As you have acquired some knowledge from the previous published articles let me bring this statement again to your note that chess is not everyone’s cup of tea or coffee!! Got it!

Understanding the game of chess is not something exclusive to the world’s top player. Chess can only be understood by those who have keen interest and deep passion for chess. Chess can be analyzed by all chess fans and enthusiast who are willing to learn new things about the game every day.

It’s not a secret that by training, dedication and a certain amount of talent one can become a Grandmaster even if starting late in chess. There are several cases of players who started after 15 (even 20s) and achieved the highest title. Let us try to explain how the GM mind works and what can you do to think like them.

How do grandmasters think? Why are they different?

One becomes Grandmaster after accumulating a lot of experience over the board and, of course, after a lot of hard work on the game.

He can even sometimes play a bad move knowing that this move will be the most difficult to his opponent, even if objectively it is bad. A bad move, a right decision? Yes, and this is given by the wisdom he has in order to trick his opponent in that moment. After all, chess is about tricking your opponent and winning the game.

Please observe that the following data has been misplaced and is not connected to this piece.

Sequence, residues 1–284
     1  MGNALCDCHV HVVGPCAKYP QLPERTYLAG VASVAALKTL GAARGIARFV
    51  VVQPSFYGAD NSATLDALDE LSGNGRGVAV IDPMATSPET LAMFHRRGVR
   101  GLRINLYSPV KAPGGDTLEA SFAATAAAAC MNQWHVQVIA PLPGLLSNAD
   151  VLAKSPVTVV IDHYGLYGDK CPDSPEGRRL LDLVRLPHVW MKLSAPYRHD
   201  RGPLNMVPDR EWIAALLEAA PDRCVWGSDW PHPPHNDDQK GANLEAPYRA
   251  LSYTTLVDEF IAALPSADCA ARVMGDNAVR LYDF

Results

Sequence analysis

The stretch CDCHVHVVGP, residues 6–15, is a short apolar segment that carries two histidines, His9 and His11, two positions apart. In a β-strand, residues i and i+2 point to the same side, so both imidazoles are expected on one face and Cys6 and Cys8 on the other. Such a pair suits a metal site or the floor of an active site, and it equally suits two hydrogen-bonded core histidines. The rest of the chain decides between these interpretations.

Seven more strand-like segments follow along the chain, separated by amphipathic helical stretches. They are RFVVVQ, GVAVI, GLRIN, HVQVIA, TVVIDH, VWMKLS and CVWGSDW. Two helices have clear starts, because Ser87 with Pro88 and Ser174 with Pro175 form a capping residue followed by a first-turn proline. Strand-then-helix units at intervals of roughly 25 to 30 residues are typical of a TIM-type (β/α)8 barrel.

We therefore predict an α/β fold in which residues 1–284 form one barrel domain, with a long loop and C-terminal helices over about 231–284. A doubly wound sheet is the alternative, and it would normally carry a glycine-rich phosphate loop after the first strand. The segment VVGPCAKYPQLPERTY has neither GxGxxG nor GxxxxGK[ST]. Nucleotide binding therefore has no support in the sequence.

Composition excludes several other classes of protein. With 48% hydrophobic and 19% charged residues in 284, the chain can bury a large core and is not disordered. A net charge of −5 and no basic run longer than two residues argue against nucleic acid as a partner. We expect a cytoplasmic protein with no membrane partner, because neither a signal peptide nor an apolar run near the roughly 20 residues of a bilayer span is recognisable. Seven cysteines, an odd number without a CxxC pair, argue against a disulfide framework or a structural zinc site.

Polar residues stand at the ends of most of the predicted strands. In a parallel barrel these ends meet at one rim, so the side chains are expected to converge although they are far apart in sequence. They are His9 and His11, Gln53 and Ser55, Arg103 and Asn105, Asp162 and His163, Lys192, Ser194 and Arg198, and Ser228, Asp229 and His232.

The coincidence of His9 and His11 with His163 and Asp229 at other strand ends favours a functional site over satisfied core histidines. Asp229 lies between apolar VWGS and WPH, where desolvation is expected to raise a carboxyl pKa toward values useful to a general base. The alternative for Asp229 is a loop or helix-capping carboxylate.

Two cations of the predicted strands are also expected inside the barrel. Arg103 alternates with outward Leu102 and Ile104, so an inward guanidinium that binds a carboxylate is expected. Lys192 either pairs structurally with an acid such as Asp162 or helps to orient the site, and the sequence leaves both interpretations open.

There is something called wisdom, that helps the Grandmaster to make the right decisions in different situations.

This Grandmaster wisdom is obtained through experience, after lots of practice, losses, and victories, inevitably, your level of understanding is higher.

By playing through the moves of their games and annotations we can learn which factors made him play each move. This method is pure gold and it is very much underrated nowadays.

One of the characteristics of the Grandmaster’s way of thinking is DEPTH.

A high- level player is not tempted by shiny attacks unless they are totally justified. Neither is he tempted to refute your play right away. Instead, he will try to outplay you slowly but surely. You may have noticed that Grandmasters are usually staying away from unnecessary complications, are they afraid? Are they poor tacticians?

The answer is NO.

But they simply won’t take unnecessary risks, especially against players that they should beat comfortably. Another common thing is that they don’t take material they don’t need.

Grandmasters also have a very good sense for prophylaxis and this is perhaps one of the things most club players and masters lack, the ability to frustrate your opponent’s plans.

If grabbing a pawn will give you some attack or active play, then they probably won’t bother. A positional advantage is what they are looking for and it should always be preferred to a material advantage. That’s what depth means, to think beyond the immediate gains, to build something strong on the board so when the time to attack comes, the attack will be lethal.

In order to think like them, one must analyze games played by them. Play a good collection of Grandmasters games, anyone you like by style of play or achievements and study their games carefully. Pay special attention to the comments that explain what made them decide on each move. Solving similar exercises regularly will also help you reach a higher level of understanding and will certainly improve your decision- making during your games.

We hope this article has been useful to you, we believe that it is a good guide to learn what to do in your day by day training. As usual, your remarks and suggestions are important to us, so feel free to leave any feedback.